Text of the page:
RISMC Framework Development
Although LWRs are a mature and successful technology in the United States with an impressive track record in nuclear power plant safety and performance over the past two decades, the next wave of new plant deployment and life extension of the existing operating LWR fleet beyond 60 years is anything but certain. There is broad consensus that technical, cost, and schedule uncertainties in certification and licensing are a significant hindrance to prospective applicants for new licenses, especially for technologies other than LWR. Many discussions tacitly assign a great deal of blame for this to NRC processes.
Part of the traditional approach to licensing is to invest very substantially in margin. The concept of margin has enormous benefits in decision-making, but traditional implementation of the concept has proven to be enormously expensive. A comprehensive set of plausible safety margins will make the sustainability decision easier for both licensees and NRC. Thus, it is important to formulate a margin based safety case framework aimed at streamlining NRC review and subsequent licensee implementation. The actual technical content of a safety case is necessarily plant-specific; the framework will establish a set of plant-specific technical demonstrations whose integrated presentation to NRC should help to reduce regulatory uncertainty.
Development and demonstration of a new technology-neutral paradigm of science-based safety case development, evaluation, and acceptance will ensure predictable, streamlined, and cost-effective licensing of nuclear installations. It will be achieved through (1) a set of advanced simulation and analysis tools to enable accurate quantification of the system’s margins to safety, (2) a formalized (computerized) technology-neutral framework for safety case development, and (3) a knowledge center of previous license applications. A comprehensive, high-quality, and defensible safety analysis submitted by the license applicant is paramount to ensuring the effectiveness of the application’s regulatory review.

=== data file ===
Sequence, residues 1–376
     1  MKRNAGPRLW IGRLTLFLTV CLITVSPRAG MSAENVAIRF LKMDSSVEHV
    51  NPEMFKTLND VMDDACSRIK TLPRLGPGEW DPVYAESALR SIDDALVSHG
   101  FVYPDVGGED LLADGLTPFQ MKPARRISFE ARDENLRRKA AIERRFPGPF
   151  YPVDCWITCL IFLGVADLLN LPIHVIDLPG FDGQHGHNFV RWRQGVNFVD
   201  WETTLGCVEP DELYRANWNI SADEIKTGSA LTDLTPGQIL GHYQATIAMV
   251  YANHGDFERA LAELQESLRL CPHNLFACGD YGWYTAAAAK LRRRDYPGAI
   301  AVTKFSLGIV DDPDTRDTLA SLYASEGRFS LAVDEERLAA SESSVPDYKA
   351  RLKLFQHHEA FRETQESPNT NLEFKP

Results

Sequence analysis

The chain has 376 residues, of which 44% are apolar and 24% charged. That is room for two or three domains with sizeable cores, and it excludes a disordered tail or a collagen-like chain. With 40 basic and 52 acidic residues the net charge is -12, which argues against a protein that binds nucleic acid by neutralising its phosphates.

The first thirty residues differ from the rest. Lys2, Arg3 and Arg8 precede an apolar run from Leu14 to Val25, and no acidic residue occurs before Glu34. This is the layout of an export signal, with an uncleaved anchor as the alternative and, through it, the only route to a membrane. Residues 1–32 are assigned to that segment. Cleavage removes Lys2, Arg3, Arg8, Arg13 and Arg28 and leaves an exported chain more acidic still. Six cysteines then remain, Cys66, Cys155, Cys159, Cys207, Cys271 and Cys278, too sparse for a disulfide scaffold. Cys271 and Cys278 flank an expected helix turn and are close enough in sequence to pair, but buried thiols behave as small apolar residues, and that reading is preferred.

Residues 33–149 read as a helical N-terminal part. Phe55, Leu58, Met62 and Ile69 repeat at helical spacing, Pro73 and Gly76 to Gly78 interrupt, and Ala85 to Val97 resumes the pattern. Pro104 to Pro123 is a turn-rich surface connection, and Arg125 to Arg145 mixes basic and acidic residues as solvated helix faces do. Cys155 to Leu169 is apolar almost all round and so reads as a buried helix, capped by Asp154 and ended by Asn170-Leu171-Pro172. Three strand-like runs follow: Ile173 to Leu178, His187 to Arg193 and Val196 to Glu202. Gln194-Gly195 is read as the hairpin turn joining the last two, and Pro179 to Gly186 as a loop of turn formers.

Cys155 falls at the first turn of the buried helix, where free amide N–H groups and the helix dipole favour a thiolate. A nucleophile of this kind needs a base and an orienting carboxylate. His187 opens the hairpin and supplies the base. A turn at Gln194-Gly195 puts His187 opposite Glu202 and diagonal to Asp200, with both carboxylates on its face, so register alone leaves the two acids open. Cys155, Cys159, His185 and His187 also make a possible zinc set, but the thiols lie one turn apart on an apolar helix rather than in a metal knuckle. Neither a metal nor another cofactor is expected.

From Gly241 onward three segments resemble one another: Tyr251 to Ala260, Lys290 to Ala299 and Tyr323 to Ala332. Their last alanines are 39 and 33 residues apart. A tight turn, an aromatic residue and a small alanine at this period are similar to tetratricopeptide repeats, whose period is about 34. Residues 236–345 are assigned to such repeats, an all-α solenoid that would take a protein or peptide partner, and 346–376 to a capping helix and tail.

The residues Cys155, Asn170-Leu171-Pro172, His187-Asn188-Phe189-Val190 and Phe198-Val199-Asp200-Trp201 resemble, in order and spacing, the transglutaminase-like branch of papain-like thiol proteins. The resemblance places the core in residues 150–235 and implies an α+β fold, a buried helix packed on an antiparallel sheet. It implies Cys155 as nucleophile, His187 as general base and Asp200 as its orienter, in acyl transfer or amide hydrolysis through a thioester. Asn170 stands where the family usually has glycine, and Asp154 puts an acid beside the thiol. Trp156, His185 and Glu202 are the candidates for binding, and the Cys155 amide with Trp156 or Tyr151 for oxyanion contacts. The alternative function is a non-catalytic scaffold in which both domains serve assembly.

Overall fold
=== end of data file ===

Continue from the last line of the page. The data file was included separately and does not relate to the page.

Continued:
The proposed research is driven by the idea that reducing uncertainties facing applicants can be achieved not only by working on improved understanding of the technical factors governing particular margins, but by proactively establishing the character and rigor of the portfolio of tests, demonstrations, and commitments to be comprised in the licensing safety case. In the abstract, this idea is not new, but in the United States previous implementations of it have defaulted to licensing tradition, rather than proactively trying for an improved formulation of the safety case. In short, the proposed task will take up, from a DOE perspective, where NRC left off and identify and address technical issues within the RISMC framework.
This task was formulated with the objective of identifying crosscut case studies that support formulation and demonstration of the RISMC framework for LWRS. The work scope is accomplished largely within the RISMC working group activity.
Enabling Tool and Methods
With focus on the effect of plant aging on life extension decision making, characterization of the nuclear power plant safety margin is hindered by large uncertainties that exist in modeling and predicting behaviors of aging SSCs in a broad range of nuclear power plant operating and abnormal conditions and nuclear power plant system dynamics in accident scenarios involving SSC failure modes not studied before. Existing PRA and DSA methods ignore reliability of the plant’s passive SSCs and their failure physics, making them unsuited for capturing the essence of aging impact.
Of particular interest is identification of catastrophic system degradation scenarios (e.g., cascading failures that cannot be ruled out as “physically unreasonable”). These scenarios require measures (in nuclear power plant inspection, maintenance, and modification) to eliminate system vulnerability. This thrust focuses on advancing the PRA and DSA methods to enable their use in assessing the aging effects on nuclear power plant safety margin.
Apart from specialized application areas (such as seismic PRA), most current PRA methodology takes most passive SSCs for granted because it is believed that these components do not contribute significantly to offsite risk. Within the LWRS Program, it is important to challenge that presumption and to examine whether margin issues could emerge for SSCs whose performance is presently taken for granted.
The point of this task is to incorporate, into risk models, passive SSCs whose performance has previously been taken for granted in PRA, but whose loss of physical margin may need to be analyzed. Ultimately, the risk model that these SSCs are added to is the same risk model to be quantified in the enhanced PRA paradigm described above.